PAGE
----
In this post on Facebook, Objectif Brousse talks about setting up specially made traditional cookstoves, installed with two ceramic plates to maintain the heat, in all the restaurants in Miti-Kafurmaye, a grouping made up of several villages that is less than 10km from the famous Kahuzi Biega National Park in South Kivu.The owners of these restaurants, who all happen to be women, were extremely impressed.
Workshops for the widows of former park rangers
In June 2020, we ran several workshops for a group of widows whose husbands had been park rangers at Kahuzi-Biega National Park. These women's husbands died as conservation heroes. Park rangers protect the park from illegal activities, which is often a dangerous job. However, after their deaths, many of these women are left without any kind of income. We offered to train them in making clay balls, which enables them to make some money while also doing something to help the environment. We started by training 20 women how to make both clay balls and special cookstoves.
Objectif Brousse trained the widows of former park rangers in Kahuzi-Biega National Park in June. (These photos were sent by Cédric-Dubois Muliri).
In early July, we ran several workshops for widows of Virunga park rangers. In April, thirteen rangers were killed during an attack on the park [Editor’s note: A driver and four civilians also died in this ambush carried out by an armed group that operates within the park]. We did the training in Goma, where some of the women live. One of the women has already sold some of the balls she made during the workshop.
Objectif Brousse led workshops for the widows of park rangers at Virunga National Park on July 9 and 10 in Goma. (Photos by Cédric-Dubois Muliri).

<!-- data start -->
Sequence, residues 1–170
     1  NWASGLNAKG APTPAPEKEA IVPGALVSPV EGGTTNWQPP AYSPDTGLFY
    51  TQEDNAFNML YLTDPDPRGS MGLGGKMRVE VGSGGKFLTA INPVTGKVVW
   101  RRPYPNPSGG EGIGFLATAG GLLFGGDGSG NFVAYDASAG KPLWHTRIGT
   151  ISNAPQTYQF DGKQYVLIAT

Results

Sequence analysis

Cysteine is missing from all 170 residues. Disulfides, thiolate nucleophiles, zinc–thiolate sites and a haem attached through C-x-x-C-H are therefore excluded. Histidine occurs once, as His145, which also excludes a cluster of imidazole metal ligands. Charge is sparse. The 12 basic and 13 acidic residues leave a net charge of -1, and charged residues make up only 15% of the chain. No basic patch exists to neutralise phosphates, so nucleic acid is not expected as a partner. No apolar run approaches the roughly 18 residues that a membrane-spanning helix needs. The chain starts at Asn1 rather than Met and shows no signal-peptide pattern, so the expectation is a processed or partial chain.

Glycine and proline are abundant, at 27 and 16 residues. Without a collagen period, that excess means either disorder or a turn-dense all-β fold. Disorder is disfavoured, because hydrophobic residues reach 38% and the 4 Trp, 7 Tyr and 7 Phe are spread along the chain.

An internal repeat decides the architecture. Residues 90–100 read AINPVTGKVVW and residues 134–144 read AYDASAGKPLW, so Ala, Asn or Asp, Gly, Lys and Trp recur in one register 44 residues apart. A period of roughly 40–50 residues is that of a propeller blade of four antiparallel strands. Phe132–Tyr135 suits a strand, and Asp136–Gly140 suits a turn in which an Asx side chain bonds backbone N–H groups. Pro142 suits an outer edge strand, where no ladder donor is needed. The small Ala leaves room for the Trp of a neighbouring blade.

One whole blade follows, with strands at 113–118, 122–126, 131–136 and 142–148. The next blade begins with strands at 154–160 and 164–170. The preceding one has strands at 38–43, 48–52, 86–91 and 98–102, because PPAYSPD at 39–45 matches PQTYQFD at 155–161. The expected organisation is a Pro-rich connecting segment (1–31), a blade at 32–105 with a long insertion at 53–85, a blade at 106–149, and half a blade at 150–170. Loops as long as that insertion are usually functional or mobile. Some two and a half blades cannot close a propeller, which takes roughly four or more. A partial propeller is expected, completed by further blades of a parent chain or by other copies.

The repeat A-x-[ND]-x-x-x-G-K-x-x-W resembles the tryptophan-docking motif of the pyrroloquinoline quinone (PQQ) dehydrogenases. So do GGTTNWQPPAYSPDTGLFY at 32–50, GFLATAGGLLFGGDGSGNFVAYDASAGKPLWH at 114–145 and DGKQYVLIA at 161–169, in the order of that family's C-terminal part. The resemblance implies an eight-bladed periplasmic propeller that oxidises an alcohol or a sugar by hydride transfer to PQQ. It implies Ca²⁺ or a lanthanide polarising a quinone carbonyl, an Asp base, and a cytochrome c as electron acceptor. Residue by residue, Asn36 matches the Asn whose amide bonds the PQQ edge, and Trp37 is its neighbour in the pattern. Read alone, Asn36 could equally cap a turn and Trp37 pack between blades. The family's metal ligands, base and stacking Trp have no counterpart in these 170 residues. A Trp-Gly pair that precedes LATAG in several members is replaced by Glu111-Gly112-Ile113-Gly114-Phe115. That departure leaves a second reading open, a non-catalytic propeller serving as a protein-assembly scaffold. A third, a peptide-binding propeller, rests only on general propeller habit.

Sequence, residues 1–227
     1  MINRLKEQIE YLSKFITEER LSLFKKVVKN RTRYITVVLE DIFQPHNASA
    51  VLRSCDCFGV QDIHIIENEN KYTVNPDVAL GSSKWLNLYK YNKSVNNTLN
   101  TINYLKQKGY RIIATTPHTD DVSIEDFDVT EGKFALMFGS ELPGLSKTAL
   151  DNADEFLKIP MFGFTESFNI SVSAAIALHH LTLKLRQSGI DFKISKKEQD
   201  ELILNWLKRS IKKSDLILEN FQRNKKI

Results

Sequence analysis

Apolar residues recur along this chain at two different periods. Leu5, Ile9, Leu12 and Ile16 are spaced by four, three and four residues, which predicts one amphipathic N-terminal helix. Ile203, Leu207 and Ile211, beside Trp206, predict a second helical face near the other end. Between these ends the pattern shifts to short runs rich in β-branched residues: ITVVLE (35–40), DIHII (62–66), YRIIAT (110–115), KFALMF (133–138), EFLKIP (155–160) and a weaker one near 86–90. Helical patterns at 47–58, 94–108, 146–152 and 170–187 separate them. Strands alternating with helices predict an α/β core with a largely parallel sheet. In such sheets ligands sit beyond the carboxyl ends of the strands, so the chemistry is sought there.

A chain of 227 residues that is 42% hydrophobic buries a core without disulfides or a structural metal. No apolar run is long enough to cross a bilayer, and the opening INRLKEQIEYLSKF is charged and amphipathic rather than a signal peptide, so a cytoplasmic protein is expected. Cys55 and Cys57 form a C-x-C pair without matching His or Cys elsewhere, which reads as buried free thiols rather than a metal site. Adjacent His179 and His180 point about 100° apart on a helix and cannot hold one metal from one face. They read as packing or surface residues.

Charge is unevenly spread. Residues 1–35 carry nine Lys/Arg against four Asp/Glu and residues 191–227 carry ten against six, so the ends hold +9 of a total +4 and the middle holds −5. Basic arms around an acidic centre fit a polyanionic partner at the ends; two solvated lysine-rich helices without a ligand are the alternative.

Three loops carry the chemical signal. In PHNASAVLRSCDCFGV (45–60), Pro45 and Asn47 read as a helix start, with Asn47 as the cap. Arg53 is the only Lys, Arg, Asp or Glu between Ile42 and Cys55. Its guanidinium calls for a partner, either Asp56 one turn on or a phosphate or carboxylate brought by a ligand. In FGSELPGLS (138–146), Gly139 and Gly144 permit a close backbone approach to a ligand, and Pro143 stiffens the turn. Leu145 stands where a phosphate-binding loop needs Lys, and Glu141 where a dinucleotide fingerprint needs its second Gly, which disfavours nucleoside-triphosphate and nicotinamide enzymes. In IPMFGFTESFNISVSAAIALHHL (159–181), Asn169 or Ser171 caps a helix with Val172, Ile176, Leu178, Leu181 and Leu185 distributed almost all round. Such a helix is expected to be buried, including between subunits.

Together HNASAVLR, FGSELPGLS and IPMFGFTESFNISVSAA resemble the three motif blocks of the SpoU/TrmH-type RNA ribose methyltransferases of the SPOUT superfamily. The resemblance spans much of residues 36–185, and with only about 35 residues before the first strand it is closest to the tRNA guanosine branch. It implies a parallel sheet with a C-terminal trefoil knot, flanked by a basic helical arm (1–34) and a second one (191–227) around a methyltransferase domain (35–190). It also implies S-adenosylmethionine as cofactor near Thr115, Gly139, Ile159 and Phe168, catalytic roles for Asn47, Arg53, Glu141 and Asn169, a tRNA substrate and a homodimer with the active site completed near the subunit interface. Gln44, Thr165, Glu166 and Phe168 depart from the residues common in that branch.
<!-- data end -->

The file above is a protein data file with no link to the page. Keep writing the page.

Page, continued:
Xavier Gilibert is the president of Objectif Brousse. He wants to get all of the international and national organisations around Virunga to start buying and using clay balls to set an example for locals:
We need to teach more people the technique but our goal is to start selling 10kg bags filled with organically sourced charcoal and clay balls. The impact will be two-fold. First, we’ll be selling charcoal that lasts longer and doesn’t come from the parks. We’ll also be creating jobs.
In this post on Facebook, Objectif Brousse writes about Joëlle, the daughter of a park ranger who was killed on the job. She learned to make clay balls during a workshop run by the organisation.
In this post on Facebook, Objectif Brousse writes about one family in Miti that took part in a training session four months ago and can now live from the proceeds from making clay balls, instead of depending on the trees that make up the habitat of Grauer gorillas. The entire family is helping with production.
Other eco-friendly initiatives in Kivu
With nearly 155 million hectares of forest, the Democratic Republic of Congo contains more than half of the forest that makes up the Congo Basin, which is the second-largest tropical rainforest in the world after the Amazon. But, according to the Food and Agriculture Organisation of the United Nations (FAO), the country is losing around 500,000 hectares of forest every year. Many other organisations and individuals have mobilised alongside Objectif Brousse to address this rapid deforestation.
In 2007, the World Wildlife Foundation (WWF) joined forces with several local associations to launch ECOmakala, which supplies people living in Goma with wood charcoal made from fast-growing trees cultivated on a plantation instead trees in Virunga. The WWF also supports a local business called Goma Stove, which manufactures and sells fuel-efficient cookstoves, which they say requires much less charcoal than other stoves.
In 2018, a Congolese student launched a company called 'Briquette du Kivu', which specialises in making eco-friendly charcoal from organic waste.
>> READ ON THE OBSERVERS: Congolese student develops eco-friendly charcoal
Last year, Congolese president Félix Tshisekedi announced that he would make expanding access to electricity the “economic priority” of his presidency. According to a recent World Bank report, out of 10 million households in the country, only 1.6 million have access to electricity.
Written by Maëva Poulet.